A substance of very wide occurrence. It is found dissolved in the sap of the roots and rhizomes of many composite and other plants, as Inula, Helianthus, Campanula, etc., and is extracted by solution as a tasteless, white, semicrystalline substance, resembling starch, with which it is isomeric, having fructose units in place of most of the glucose units. It is intermediate in nature between starch and sugar, and replaces starch as the reserve food in Compositae. Called also dahlin, helenin, alantin, alant starch, etc.
Fructose polymer freely filtered at glomerulus, not reabsorbed or secreted by renal tubules and non-toxic. Injected to measure glomerular filtration rate by clearance technique. See clearance.
Inulin is a natural dietary fiber found in many plants, one of which is the chicory root. Inulin is an excellent source of fiber which helps your digestive tract. Studies have also shown that inulin aids with the absorbtion of calcium and other minerals.
A natural, plant-derived dietary fiber and prebiotic. The inulin we use is extracted from chicory roots using only hot water. (NOTE: Inulin should not be confused with insulin (see definition above), a substance generated by the pancreas.)
used to manufacture fructose and in assessing kidney function
A polysaccaride built from fructose, which is not naturally-occuring in the body. Inulin is freely filtered at the glomerulus but is not handled in any way in the tubules (reabsorbed, secreted, metabolized). It is used as the best measure of GFR.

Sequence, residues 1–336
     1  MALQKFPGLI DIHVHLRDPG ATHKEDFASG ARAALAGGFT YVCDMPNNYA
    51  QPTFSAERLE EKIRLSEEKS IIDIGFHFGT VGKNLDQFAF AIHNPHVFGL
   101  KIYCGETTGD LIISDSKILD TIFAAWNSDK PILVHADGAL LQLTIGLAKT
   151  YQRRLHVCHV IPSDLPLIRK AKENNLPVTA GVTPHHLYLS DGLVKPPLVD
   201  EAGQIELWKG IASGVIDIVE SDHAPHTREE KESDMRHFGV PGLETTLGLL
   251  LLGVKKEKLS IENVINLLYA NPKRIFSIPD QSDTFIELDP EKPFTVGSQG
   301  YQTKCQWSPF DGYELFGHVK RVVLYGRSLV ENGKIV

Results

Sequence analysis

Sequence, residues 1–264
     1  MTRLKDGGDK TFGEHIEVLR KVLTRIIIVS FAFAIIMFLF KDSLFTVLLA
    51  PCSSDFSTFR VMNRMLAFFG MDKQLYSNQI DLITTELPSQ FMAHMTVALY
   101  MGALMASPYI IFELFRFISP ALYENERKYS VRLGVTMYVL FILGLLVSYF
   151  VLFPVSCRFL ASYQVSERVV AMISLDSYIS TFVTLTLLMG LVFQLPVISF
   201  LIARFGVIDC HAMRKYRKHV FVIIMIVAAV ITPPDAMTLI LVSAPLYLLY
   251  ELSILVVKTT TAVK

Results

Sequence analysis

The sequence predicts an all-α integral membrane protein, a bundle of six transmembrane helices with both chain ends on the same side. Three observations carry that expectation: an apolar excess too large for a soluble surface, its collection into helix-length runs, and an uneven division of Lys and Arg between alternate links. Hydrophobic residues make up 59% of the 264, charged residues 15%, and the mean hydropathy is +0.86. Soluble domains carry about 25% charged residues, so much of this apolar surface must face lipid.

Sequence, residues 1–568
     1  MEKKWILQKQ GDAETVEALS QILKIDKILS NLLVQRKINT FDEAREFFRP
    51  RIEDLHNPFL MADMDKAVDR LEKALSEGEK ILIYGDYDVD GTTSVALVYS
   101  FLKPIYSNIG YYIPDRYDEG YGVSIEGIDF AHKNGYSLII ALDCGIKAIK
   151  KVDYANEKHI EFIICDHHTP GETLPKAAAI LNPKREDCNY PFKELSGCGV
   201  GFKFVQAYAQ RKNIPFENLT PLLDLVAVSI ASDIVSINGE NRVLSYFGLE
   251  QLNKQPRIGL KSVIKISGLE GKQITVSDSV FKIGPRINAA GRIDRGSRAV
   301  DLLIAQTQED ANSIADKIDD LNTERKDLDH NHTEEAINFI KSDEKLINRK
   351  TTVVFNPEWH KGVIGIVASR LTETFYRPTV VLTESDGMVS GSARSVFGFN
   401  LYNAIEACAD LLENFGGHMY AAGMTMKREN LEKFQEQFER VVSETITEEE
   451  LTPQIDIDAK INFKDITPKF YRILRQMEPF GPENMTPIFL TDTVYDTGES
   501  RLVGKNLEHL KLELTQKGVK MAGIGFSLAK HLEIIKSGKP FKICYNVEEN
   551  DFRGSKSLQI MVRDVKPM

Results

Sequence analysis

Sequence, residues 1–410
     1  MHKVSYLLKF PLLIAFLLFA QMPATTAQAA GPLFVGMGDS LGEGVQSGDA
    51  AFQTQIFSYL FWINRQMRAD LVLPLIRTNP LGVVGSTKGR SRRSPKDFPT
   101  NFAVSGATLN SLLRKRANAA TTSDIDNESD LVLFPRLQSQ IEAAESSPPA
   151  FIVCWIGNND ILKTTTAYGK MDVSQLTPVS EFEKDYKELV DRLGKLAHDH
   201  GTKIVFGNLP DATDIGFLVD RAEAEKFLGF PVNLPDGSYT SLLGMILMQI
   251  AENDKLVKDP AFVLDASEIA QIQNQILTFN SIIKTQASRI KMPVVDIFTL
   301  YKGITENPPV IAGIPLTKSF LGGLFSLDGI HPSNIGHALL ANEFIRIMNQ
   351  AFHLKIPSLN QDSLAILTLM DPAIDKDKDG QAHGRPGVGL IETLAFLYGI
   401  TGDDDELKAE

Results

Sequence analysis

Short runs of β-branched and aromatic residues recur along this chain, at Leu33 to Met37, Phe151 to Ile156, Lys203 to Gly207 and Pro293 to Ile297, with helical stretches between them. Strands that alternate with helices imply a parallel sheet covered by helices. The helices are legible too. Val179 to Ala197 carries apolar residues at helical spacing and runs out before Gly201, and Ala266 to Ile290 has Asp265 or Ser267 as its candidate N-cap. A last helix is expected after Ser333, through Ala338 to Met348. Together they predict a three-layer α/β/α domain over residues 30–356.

Not to be confused with “insulin,” this fiber is found in many vegetable sources, but most often commercially used from chicory root.
(Raftiline®, Fruitafit®, Fibruline®) Reduced-calorie (1 to 1.2 calorie/gram) fat and sugar replacer, fiber and bulking agent extracted from chicory root. Used in yogurt, cheese, frozen desserts, baked goods, icings, fillings, whipped cream, dairy products, fiber supplements and processed meats.
Inulin is a soluble nutritional fibre that is found in nature. It is the energy reserve of 36 000 plants, vegetables and fruit. For applications in the food industry inulin is extracted from the roots of chicory. The nutritional fibre inulin is not decomposable by the digestion enzymes and comes therefore unaltered in the large intestine, where it is used by the healthy intestine flora as nutritive substratum (inulin = prebiotic).
Inulins are a group of naturally occurring oligosaccharides (several simple sugars linked together) produced by many types of plants. They belong to a class of carbohydrates known as fructans. Inulin is used by some plants as a means of storing energy and is typically found in roots or rhizomes.